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Published: January 2nd 2013
It is a long way down to Asunion, capital of Paraguay. Our first impression of the city was one of disappointment. It is very dirty with graffiti decorating many buildings and walls. Some of the skyscrapers are stained and discolored from pollution. Sections of sidewalk are often missing or cracked. Putting that aside, Paraguay was beautiful from the air. We could see fields of green and plots of forests. As we approached the city, we could see that it was located on the E. banks of the Paraguay River.
Paraguay has had a sad life. It has been ruled by dictators and other corrupt officials. People seem to accept this as a fact of life. Paraguay is the second poorest country in South America. We have seen many destitute people and have been surprised that they didn´t ask us for money. Sometimes, we offered some to them anyway. When we were in one plaza, we saw a homeless man going through every garbage can drinking whatever was left in bottles and cans. We were warned of tourists being mugged--especially near the river. We waited until New Year´s Day to walk down there. The area was deserted except
for us, 3 Paraguayan men, and 10 policemen. No one in Asuncion has bothered us or been rude in any way. As we walk down streets, we notice that many do not make eye contact. If they do look at us, we smile and say, ¨Hola.¨ They quickly smile back and make a pleasant reply. We have been impressed with the ones who have jobs. They work hard and for long hours. Parguayans appear to be of Spanish or Indian descent. The women have beautiful, long dark brown or black hair.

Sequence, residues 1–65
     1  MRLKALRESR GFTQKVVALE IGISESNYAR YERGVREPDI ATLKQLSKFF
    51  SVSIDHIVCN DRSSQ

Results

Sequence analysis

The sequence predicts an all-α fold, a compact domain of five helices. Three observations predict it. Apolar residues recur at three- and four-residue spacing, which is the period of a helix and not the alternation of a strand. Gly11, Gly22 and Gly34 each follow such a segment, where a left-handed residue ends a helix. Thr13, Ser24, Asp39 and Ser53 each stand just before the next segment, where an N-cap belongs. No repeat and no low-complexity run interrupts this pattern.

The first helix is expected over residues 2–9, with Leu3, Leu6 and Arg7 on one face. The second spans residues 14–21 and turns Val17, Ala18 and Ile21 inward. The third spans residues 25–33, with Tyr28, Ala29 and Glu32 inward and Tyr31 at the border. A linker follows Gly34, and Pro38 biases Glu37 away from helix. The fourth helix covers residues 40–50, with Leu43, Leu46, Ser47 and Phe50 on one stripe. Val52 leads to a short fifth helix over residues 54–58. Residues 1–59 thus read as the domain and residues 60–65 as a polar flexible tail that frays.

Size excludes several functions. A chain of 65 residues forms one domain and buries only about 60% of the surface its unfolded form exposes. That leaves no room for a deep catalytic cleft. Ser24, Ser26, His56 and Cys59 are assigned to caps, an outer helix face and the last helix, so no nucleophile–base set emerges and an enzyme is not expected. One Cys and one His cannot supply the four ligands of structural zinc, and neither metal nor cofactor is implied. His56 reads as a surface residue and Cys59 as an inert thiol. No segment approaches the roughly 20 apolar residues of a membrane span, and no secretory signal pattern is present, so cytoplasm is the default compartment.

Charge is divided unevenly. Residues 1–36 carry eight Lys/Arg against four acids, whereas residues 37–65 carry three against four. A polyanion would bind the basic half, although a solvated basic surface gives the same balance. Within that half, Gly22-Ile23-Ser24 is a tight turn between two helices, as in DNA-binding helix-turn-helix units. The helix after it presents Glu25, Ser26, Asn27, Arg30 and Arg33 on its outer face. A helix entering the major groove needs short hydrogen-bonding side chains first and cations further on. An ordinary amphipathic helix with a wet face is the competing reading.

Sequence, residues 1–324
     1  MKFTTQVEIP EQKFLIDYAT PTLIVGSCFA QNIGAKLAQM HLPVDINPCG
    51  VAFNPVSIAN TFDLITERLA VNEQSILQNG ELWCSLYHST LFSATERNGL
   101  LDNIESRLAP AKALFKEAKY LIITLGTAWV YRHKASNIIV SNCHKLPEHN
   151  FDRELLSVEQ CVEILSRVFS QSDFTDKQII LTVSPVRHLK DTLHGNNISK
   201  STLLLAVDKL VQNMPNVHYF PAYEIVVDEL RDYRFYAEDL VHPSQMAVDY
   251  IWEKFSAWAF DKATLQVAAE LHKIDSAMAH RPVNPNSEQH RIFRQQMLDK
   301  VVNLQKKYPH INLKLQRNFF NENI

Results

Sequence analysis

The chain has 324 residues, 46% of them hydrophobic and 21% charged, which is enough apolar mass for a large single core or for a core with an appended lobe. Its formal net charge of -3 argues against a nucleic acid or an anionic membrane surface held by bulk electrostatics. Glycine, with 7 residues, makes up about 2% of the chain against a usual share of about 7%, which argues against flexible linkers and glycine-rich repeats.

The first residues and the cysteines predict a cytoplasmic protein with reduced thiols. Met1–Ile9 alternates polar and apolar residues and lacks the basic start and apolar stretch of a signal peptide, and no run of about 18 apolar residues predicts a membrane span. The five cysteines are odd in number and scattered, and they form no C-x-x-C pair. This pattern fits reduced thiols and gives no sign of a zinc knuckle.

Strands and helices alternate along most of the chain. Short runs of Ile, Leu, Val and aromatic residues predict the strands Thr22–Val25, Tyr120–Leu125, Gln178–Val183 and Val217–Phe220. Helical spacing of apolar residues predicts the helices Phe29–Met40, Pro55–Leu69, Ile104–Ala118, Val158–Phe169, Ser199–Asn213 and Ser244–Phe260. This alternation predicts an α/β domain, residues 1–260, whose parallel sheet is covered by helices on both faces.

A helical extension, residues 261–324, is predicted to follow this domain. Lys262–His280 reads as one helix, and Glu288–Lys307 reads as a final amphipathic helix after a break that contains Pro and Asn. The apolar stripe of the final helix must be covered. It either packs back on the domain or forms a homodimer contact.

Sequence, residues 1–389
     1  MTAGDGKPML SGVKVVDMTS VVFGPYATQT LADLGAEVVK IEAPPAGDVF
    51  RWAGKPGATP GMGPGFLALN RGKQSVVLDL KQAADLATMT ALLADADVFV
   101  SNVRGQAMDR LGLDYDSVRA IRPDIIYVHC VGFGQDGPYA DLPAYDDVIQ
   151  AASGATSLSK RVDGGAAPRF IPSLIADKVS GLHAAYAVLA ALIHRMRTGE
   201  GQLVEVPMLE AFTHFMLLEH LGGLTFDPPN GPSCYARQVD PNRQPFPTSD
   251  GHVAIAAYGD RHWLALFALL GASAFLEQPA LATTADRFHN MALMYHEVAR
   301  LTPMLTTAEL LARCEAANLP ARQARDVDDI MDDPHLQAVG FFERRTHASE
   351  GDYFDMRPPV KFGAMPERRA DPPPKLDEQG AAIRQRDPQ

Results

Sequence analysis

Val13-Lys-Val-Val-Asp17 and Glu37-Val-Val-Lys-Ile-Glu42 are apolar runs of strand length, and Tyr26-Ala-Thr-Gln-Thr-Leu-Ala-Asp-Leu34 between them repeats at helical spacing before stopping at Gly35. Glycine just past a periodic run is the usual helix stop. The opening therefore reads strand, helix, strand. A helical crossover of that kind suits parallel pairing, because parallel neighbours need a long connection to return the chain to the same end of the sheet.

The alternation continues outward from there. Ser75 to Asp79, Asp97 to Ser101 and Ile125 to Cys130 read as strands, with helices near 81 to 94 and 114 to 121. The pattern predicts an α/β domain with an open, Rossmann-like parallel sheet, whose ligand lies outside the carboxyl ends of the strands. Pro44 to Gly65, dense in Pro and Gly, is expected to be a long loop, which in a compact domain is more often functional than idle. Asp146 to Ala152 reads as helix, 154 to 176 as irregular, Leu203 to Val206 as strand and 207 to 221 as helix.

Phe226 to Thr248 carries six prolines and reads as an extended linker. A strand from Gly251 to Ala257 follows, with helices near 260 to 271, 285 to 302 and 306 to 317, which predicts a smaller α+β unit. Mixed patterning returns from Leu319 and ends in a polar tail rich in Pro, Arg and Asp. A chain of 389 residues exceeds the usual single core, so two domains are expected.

I have had more trouble understanding the currency here than on previous trips. All of the Paraguayan money has at least 3 zeroes and the letters MIL in the corner of each bill. I mistakenly thought the MIL stood for million but have recently found that it means thousand in Spanish. When asking a price, the seller might respond with 3 fingers. That could mean 3000, 30,000, or 300,000. I tried to pay for a 50,000 shirt with a 100,000 bill and the lady would not accept it. I finally decided that I needed Walt with me when making purchases.
Everywhere people are seen carrying gallon thermos
Changing of the Guard
This happens every 8 days by the Plaza of the Heroes in downtown Asuncion.
jugs with a small cup and metal straw attached. The country´s favorite drink is yerba mate, an herbal tea. The cup is filled with chopped herbs and hot or cold water is poured over it. They just continue to add water throughout the day. I frequently saw them sharing their drink with others. One lady offered me some of hers, but I declined. I did like the fresh minty aroma that came from it.
We decided to take a side trip to Iguazu Falls which is in both Brazil (20%) and Argentina (80%.) To do so, we had to start out on a 5 hour bus ride to Ciudad de Este, Paraguay. The trip involved several more buses and taxis. I must say that it was the worst day in all of our traveling experiences. We ended up wanting to kill each other. It is a good thing that we didn´t run into a divorce lawyer. One taxi driver changed his price from what we had agreed on to a price 10 times higher. I exchanged some interesting words with him which I am sure that he did not understand. There is a good chance that he got the